Credit where it’s due, there was a terrific fast buzz by Daniela Cugini to identify element 100 as being named after Fermi. The year 1991 in feminism didn’t provide much for the team, just the one bonus. Nick Williford made an equally impressive early buzz to identify words attributed to French King Louis XIV. Misreadings and mispronunciations gave rise to some amusement when it mentioned the Indian newsreader who rendered Chinese leader Xi Ji Ping’s name as Eleven Ji Ping. Reminds me of a Sunday league quiz in Cardiff once. When asked which king of England was crowned King of both England and France when only a babe in arms we answered Henry VI. Nope said the question master. The home team answered Henry IV. Nope, replied the poor hapless individual – you’re both wrong. It says Henry Vie here. – St. Peter’s took one bonus, but really and truly one of them should have known that the Hundred Years war began in the reign of Edward III, I would have thought. Vedanth Nair was again in early to identify the Dravidian language family. German Grand Duchies provided Emma with a timely full house, and led us nicely into the music round. The first to buzz in to identify the cat singing scat was Cameron Macdonald, who didn’t mistake the unmistakable voice of Louis Armstrong. 3 more examples of scat singing were always going to include Ella Fitzgerald, but like Emma I didn’t have a clue about the second. I recognised Sammy Davis Jr, though. I didn’t even understand the next question, but Laura Cooper knew the answer was DNA. The architect David Adjaye brought another bonus. St. Peters were hanging on there in the match, but really needed to up their bonus conversion rate if they were going to have a hope of pegging back what already looked like a significant lead for Emmanuel. Vedanth Nair, having another good match on the buzzer, knew that the Titulus Regius was the instrument used by king Richard III to give a veneer of legality to his usurpation of the throne. Astrophysics promised me but little and delivered less, although Emmanuel did pick up a single bonus themselves. The St. Peter’s skipper was impressively quick on the buzzer again to identify Wellington – the city, not the footwear, duke, or educational establishment – as soon as a reasonable clue had been given. Dorothy Coade Hewitt – Dorothy Who? in LAM Towers – provided them with nowt. They really were not getting the rub of the green at all in their bonus sets. Now, whenever the question mentions the Ismaili sect, just buzz and say Aga Khan. That’s what Cameron Macdonald did. 2 bonuses on works published by past or future prime ministers pushed their score to 125 against St. Peter’s 60 at the 20 minute mark. Not quite over the event horizon, but not far off.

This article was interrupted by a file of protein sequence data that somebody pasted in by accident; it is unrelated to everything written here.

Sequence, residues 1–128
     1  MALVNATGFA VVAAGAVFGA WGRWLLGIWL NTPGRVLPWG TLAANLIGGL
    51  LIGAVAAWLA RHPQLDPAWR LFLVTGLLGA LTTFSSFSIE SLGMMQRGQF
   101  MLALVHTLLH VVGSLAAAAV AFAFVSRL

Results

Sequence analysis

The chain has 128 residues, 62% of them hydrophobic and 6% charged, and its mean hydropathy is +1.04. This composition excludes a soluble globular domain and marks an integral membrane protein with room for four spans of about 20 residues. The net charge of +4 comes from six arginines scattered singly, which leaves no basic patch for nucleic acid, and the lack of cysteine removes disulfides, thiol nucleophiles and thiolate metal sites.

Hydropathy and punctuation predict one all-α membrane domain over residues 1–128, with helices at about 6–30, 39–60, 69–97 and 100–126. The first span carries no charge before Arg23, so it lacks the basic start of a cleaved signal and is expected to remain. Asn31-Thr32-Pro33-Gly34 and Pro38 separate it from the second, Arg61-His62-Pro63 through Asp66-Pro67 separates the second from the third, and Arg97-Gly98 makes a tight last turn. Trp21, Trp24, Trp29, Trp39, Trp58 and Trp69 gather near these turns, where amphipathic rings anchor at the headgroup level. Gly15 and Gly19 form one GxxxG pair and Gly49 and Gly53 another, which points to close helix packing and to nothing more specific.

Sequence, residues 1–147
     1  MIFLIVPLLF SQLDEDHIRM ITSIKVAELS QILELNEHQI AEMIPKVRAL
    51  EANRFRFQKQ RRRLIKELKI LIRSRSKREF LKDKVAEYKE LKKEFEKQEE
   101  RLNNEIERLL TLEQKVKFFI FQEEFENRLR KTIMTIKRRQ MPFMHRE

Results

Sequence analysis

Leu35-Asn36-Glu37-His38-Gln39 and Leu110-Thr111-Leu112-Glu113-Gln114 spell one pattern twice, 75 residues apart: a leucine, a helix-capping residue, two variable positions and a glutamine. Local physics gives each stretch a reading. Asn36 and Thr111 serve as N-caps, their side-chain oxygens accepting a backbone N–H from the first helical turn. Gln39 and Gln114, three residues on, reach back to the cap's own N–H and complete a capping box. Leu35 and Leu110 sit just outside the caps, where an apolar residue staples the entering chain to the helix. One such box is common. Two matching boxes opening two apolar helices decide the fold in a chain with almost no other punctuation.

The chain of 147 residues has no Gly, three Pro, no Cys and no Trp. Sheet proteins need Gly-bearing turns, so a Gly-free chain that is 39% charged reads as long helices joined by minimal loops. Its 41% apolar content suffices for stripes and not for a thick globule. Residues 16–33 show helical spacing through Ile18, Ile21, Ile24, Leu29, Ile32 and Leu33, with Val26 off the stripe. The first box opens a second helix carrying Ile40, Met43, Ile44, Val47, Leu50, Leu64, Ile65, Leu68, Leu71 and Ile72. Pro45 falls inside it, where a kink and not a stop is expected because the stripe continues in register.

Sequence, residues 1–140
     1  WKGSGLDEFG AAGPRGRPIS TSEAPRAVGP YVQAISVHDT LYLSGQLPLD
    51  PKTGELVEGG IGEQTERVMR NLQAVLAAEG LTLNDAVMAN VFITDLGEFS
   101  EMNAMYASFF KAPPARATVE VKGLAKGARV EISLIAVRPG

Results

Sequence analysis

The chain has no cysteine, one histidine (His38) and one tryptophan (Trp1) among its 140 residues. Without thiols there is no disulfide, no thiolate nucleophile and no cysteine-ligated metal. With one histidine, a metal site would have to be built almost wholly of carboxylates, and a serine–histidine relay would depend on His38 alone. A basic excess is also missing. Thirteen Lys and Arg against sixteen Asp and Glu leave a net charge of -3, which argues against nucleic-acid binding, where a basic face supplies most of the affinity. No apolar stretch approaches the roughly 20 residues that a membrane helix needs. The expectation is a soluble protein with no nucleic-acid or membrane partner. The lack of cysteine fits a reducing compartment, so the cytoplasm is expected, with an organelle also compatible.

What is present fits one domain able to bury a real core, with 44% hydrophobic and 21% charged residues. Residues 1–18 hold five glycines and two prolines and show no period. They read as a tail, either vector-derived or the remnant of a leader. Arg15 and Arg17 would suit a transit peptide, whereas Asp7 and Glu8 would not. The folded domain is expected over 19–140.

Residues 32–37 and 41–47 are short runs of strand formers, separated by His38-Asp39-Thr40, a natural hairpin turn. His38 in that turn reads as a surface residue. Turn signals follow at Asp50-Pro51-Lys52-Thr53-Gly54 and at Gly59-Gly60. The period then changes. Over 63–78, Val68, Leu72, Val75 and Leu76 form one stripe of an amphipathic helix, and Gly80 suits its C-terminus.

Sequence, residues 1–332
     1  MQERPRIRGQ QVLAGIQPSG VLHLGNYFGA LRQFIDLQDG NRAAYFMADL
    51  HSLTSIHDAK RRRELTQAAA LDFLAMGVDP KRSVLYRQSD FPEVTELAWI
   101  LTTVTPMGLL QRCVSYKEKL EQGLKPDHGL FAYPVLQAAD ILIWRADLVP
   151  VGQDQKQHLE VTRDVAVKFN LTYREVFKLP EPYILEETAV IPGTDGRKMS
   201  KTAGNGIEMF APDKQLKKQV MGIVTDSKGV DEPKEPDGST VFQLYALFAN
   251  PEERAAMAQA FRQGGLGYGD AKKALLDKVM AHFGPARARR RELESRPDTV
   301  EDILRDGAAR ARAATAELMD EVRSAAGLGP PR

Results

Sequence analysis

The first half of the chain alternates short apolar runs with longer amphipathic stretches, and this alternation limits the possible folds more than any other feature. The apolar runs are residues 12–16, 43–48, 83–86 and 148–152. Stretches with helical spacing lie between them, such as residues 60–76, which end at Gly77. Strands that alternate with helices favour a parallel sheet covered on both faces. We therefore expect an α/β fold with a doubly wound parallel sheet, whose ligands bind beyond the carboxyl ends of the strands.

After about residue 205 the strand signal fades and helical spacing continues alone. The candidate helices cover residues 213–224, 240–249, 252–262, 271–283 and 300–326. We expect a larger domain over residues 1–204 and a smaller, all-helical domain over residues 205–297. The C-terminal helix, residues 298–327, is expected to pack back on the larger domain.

Good old astronomy gave me a Science starter, as both Ben Harris and I knew that the planet with 4 large moons (and a shedload of wee ones) is always going to be Jupiter. Chemistry didn’t look likely to offer me much and indeed there was never much chance of me earning a further lap of honour here. Emmanuel, though managed a full house. For the second picture starter Nick Williford won the buzzer race to identify Sir Roger Bannister. More athletes photographed making sporting history brought two correct answers. Didn’t phase Emmanuel though. Cameron Macdonald took a real flyer on the next starter, identifying Nietzsche very quickly. Bonuses on foreign language film Oscar winners promised none of us very much but Emmanuel did manage a single bonus. That man Nair knew something about pi which earned the next set of bonuses on literary works using reverse chronology took their score to 175, and the game was up for St. Peter’s. Nobody knew the next starter about the River Clyde. To be fair to St. Peter’s they didn’t just give up, and Laura Cooper was the first in to identify the novel Last Exit to Brooklyn. A bonus on Asian dog breeds took them to 95. Now, I’ve never heard of the mirror test, but I guessed it from the terms of the question. Daniela Cugini took that starter for Emmanuel. A full house on dystopian novels took Emmanuel to 200. None of us knew the opening words to Lady Chatterley’s Lover. Ben Harris lost 5 when he came in too early for the next starter, while Nick Williford, who had been playing a captain’s innings all evening, came in to give the correct answer of Afghanistan to take his team into triple figures. A full house on national flags was too late, but at least they got one. That was it, though. The contest was gonged halfway through the next starter, and Emmanuel had won by 195 to 120. JP couldn’t quite resist rubbing a little salt into the Oxford team’s wounds by telling them that they never really had a chance to get into their stride. Cobblers. They had their chance, but just couldn’t convert enough bonuses to compete. It happens.
Jeremy Paxman Watch
Little to report here. There was a mild case of apoplexy when Emma suggested Sammy Davis Jr may in fact have been Miles Davis, but really there was nothing more of note. Must try harder, Jez.
Interesting Fact That I Didn’t Already Know Of The Week
Camel case is the correct term for the use of upper case letters in the middle of a string of lower case letters, particularly in proprietary or commercial names.